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  Reprinted from Mature Fitness (formerly published as the Senior Fitness Bulletin) by
 permission of the American Senior Fitness Association (800) 243-1478,
 www.seniorfitness.net

      Active Lifestyles


Winning Strategies

Keep your eye on the ball with these home-run ideas:
  • Fitness professionals, help interested clients get involved in senior softball. You may also wish to offer personal training or group exercise services to a local team.
  • Players, consider earning fitness certification through the American Senior Fitness Association and become your team's in-house trainer!

PLAY BALL!

Al Schneider, an investment banker, helped to form the New Jersey Senior Softball Association (NJSSA), a program which debuted in the spring of 1990 with six traveling teams. Nowadays, the NJSSA is 3,000 to 4,000 strong. In fact, all over the country, older Americans participate in softball competitions leading to the National Association for Senior Circuit Softball's annual World Series in a different host city each October.

Senior softball offers competitive play on local, state and national levels for men over 50. In local play, the men are loosely grouped in two age divisions, 50_59 and 60 and above. In state and national competitions, they are grouped by age in five-year increments. Some teams are sponsored by businesses; most are self-supporting.

Players generally chip in to pay for the umpire and the field and receive a uniform shirt and hat in return, as well as plenty of competition and companionship. In a typical fee arrangement, the fee is $30 for a player and $250 for the sponsor whose name is emblazoned on the shirts.

Senior softball teams practice and play during the week and on weekends, and travel anywhere there is senior competition.

Softball rules have been modified for NJSSA play to avoid the serious injuries that might result from collisions. Sliding is prohibited at first base and home plate. There are two side-by-side first bases and two home plates positioned to avoid runner and fielder contact, and all plays at home plate are force outs. All senior softball programs use arc (slow pitching to emphasize hitting and fielding and to help create lots of action for the league players).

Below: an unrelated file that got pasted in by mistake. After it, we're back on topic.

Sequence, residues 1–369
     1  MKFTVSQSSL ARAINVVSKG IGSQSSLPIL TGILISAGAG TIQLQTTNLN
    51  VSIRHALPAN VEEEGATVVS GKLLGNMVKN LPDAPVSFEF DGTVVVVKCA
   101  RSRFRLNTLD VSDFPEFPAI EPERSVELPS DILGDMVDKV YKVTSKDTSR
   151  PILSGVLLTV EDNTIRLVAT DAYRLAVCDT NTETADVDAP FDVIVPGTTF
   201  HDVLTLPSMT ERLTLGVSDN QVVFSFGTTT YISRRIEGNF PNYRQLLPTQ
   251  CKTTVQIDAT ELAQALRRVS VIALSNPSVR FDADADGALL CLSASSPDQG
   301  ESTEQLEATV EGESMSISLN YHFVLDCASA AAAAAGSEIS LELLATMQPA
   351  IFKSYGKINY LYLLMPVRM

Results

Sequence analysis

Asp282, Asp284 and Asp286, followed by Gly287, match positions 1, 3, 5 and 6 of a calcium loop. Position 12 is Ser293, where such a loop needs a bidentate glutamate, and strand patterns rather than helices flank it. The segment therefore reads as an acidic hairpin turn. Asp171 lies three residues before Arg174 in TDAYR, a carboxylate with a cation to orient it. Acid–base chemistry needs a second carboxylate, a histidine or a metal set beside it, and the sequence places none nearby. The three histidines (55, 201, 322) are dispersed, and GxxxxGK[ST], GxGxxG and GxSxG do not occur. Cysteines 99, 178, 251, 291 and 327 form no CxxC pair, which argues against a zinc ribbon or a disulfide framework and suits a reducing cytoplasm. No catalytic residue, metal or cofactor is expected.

From January 31st through February 4th, Al Schneider's company, Active Life Styles, Inc., will hold the 2001 Adult Softball Camp near Orlando, Florida. The five-day-long event will include a Get Acquainted Party, daily exercises, batting and field practices, eight umpired games, a mini tournament, and an awards banquet!

In addition, all participants receive daily lunches, a personalized equipment bag and team shirt, a WC VIII cap, and a set of camp instructions explaining how the program operates. The camp emphasis is similar to baseball's spring training, with teams being assigned players and players wearing color-coded team shirts and caps.

Men of all ages and abilities participate in Softball Winter Camp. Many return year after year. Throughout the five-day period, players and their families also take advantage of special rates on nearby golfing or tennis or joined in numerous other fun-filled events.

The camp's motto is: "You don't stop playing because you grow old; you grow old because you stop playing!"

Schneider, 60, who has played the game since he was a boy, said his enthusiasm for the sport hasn't changed, but "now I don't have to stop until I'm 75 or 80." And with the five-year age increments at the state and national levels, he laughed, "every five years, you can become a rookie again!"

For more information, contact: Al Schneider, Active Life Styles, Inc., Winter Sports Camps, 27 Hickory Lane, Boonton NJ 07005 (telephone 973-335-3828 or 888-335-3828, e-mail info@softballcamp.com, Website www.softballcamp.com).

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